Iodine and The Origins of Human Diet and Brain

In his thorough review of the Paleolithic origins of the human diet, Cordain et al may have missed iodine and its role, according to Stephen Cunnane (1;2). Cunnane writes that “1 of the 2 nutrients (the other is iron)” that modern humans most often find themselves deficient in is iodine. Human brain development, Cunnane explains,Continue reading “Iodine and The Origins of Human Diet and Brain”

Treating cancer with IV-therapy vitamin C

Cancer treatment with vitamin C was first researched by Nobel-prize winner Linus Pauling in the 1970s. Massive oral doses, however, were not found to be effective according to Mayo Clinic. But researchers of the University of Puerto Rico are finding that intravenous (IV) massive doses just might be used as treatment (1-3). The Bio-Communications ResearchContinue reading “Treating cancer with IV-therapy vitamin C”

Another protein that could be targeted for breast cancer

Soon we may see a new way to treat breast cancer. Cyclophilin B is a protein that was just uncovered by Northwestern University researchers and was found to have an increased presence in metastases (1). The protein could be a target of drugs in the future (2). References 1. Fang F, Flegler AJ, Du P,Continue reading “Another protein that could be targeted for breast cancer”

Hocus pocus cancer healing?

A review published in 2000 of four spontaneous cancer healing reports offered that the most likely event that occurred was immune modulation (1). Although mention was made of other factors such as “genetic therapy, withdrawal of carcinogens, infection, fever and vaccine roles, apoptosis, antibody, antiangiogenesis and maturation mechanisms, withdrawal of therapy, natural killer activity, endocrine,Continue reading “Hocus pocus cancer healing?”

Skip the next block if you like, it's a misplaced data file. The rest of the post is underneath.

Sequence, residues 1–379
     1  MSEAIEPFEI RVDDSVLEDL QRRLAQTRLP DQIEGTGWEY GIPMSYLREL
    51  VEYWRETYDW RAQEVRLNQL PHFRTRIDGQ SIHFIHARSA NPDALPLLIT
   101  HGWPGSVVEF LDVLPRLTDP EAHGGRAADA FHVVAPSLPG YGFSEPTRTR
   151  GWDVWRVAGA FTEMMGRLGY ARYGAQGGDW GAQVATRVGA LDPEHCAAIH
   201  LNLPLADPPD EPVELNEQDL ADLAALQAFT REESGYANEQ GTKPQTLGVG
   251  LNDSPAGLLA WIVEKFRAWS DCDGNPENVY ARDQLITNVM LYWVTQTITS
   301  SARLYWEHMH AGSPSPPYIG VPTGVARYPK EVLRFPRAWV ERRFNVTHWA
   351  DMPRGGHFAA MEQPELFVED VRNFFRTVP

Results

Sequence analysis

To reduce risk of colon cancer, head south

When you live in a sunny climate (like I do), your risk of colon cancer and other cancers drops. Scientists from Johns Hopkins University credit this phenomenon to possibility that greater serum levels of vitamin D is responsible. But don’t start thinking of joining me in Arizona just yet. Skin cancer risk skyrockets here. ReferenceContinue reading “To reduce risk of colon cancer, head south”

Welcome home my gut-friendly little buddies!

Now that I’m off antibiotics it’s time for probiotics. Considering that there are around 500 species of bacteria in our guts, it’s worth noting that in the future we shouldn’t question probiotic therapy, but should question which species to use. The future of probiotic therapy may be in studies for selection of “disease-specific strains” thatContinue reading “Welcome home my gut-friendly little buddies!”

What happens when you don’t chew your food

My mother always used to tell me to chew my food. Did she know that salivary alpha-amylase was hydrolyzing carbohydrates in my mouth? She probably had a good idea. Still, I swallow too quickly. So little gets digested and the food ends up in my stomach. Alpha-amylase can’t work in the stomach because the pHContinue reading “What happens when you don’t chew your food”

Bile, Bacteria and Bears

Enterohepatic circulation is the process of secretion and reabsorption of bile (1;2). When you eat a fatty meal, your gallbladder secretes bile to convert large fat globules to small droplets called micelles to be absorbed (1;2). Ninety percent of the bile is then reabsorbed via active transport or passive transport in the small intestine (1).Continue reading “Bile, Bacteria and Bears”